Bigger play areas for kids cut obesity risk

October 9, 2012
Bigger play areas for kids cut obesity risk

The global fight against obesity could be helped by providing support for child's play, a researcher from The University of Western Australia has found.

Research leader Dr Karen Martin studied school environments and their association with physical activity during school recess.

The study found children who attended schools with more unobstructed grassed play area per child were more active in recess times. The advantage of exercise during childhood means a reduced risk of obesity as an adult.

"The benefits of childhood physical activity transcend childhood and adolescence, and include a reduced risk of or obese," Dr Martin said.

The study found children were more likely to get out and play if there were plenty of open, grassed areas available to them.

Dr Martin said her study supported earlier research which found the availability of open fields was associated with higher physical activity.

She said expansive and unobstructed grassed surfaces were ideal for children's sports and games.

"The results indicate that the amount of grassed play area available is an important variable to consider during school planning.

It was also noted in the study that schools could boost in children if they engaged an active coordinator. Not only were children encouraged to exercise more but they had a healthy as well.

Explore further: Experts: Gym gone but not forgotten? Parents want more physical activity at school for kids

Related Stories

Experts: Gym gone but not forgotten? Parents want more physical activity at school for kids

April 18, 2011
Childhood obesity affects 1 of every 6 kids in the United States, in part due to a lack of physical activity. Schools can play a key part in offering elementary-age kids lots of chances to be active—on the playground ...

Environmental factors predict underserved children's physical activity

July 14, 2011
In 2005, Jeffrey Martin, Ph.D., professor of kinesiology, health and sport studies in Wayne State University's College of Education, found that children living in underserved communities are less physically active than their ...

School climate can affect overweight children for life

April 24, 2012
Kids can be really mean – especially to other kids – and school-yard bullying can have serious immediate and long-term effects. One area of increasing concern in this regard is the possibility that overweight or ...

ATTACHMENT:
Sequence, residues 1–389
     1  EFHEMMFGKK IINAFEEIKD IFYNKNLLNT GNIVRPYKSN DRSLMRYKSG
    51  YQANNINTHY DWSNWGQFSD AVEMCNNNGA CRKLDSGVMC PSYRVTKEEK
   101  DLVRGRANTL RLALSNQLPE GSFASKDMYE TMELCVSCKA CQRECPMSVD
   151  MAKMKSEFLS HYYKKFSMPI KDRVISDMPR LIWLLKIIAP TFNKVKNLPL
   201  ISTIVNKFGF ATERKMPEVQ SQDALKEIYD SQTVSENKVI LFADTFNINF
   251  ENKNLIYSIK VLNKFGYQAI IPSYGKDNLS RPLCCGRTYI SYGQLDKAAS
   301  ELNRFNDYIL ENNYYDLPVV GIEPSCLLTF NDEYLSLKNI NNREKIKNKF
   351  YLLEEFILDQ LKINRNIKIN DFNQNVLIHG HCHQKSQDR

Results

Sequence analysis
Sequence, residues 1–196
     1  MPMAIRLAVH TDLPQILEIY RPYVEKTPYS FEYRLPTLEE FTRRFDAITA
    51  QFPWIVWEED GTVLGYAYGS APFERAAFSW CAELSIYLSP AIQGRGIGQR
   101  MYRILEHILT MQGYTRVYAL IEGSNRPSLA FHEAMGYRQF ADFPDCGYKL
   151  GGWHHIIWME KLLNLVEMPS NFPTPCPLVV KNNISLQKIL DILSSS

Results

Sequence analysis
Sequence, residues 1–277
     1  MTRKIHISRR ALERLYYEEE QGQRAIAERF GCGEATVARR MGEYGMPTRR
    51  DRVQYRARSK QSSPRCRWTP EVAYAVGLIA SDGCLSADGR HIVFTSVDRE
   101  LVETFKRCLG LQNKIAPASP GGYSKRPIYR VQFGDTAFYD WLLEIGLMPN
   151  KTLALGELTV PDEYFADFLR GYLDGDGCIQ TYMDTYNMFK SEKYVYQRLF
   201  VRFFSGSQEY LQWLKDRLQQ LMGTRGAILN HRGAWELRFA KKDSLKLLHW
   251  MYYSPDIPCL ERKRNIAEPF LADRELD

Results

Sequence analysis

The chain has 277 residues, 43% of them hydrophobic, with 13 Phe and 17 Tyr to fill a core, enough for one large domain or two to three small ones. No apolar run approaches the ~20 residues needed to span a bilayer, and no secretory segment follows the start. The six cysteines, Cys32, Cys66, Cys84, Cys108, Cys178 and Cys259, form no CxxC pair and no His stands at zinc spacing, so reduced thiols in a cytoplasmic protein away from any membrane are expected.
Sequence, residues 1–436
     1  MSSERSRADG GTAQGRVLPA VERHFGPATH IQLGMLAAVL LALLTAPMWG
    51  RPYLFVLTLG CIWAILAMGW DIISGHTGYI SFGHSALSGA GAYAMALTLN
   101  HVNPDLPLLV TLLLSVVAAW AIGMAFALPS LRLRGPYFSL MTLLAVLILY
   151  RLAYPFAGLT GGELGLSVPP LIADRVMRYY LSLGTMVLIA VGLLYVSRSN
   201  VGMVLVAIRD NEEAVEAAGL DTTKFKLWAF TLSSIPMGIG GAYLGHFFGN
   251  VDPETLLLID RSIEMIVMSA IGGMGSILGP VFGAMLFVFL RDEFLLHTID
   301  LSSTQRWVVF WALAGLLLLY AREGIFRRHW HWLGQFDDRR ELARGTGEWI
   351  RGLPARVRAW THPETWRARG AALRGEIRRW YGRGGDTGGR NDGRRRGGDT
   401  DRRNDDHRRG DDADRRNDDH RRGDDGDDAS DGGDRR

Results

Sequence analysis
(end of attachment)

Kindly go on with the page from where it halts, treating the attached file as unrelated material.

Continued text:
Recommended for you

Policy and early intervention can curb obesity rates

December 18, 2017
More information and emphasis on dietary lifestyle changes that prevent obesity, and its comorbidities, have not reduced the rise in obesity in U.S. adults and adolescents, according to a recent study in the New England Journal ...

Warning labels can help reduce soda consumption and obesity, new study suggests

December 15, 2017
Labels that warn people about the risks of drinking soda and other sugar-sweetened beverages can lower obesity and overweight prevalence, suggests a new Johns Hopkins Bloomberg School of Public Health study.

Parents modeling healthy behaviors leads to markedly better outcomes for children

December 13, 2017
When trying to help children lose weight, involving a parent in the treatment makes the entire family healthier, researchers at Washington University School of Medicine in St. Louis have shown.

'Obesity paradox' not found when measuring new cases of cardiovascular disease

December 7, 2017
Although obesity is a well-known risk factor for getting cardiovascular disease, a controversial body of research suggests that obesity may actually be associated with improved survival among people who have cardiovascular ...

Harmful effects of being overweight underestimated

December 1, 2017
The harmful effects of being overweight have been underestimated, according to a new study that analysed body mass index (BMI), health and mortality data in around 60,000 parents and their children, to establish how obesity ...

More than half of US children will have obesity as adults if current trends continue

November 29, 2017
If current trends in child obesity continue, more than 57% of today's children in the U.S. will have obesity at age 35, according to a new study from Harvard T.H. Chan School of Public Health.

0 comments

Please sign in to add a comment. Registration is free, and takes less than a minute. Read more

Click here to reset your password.
Sign in to get notified via email when new comments are made.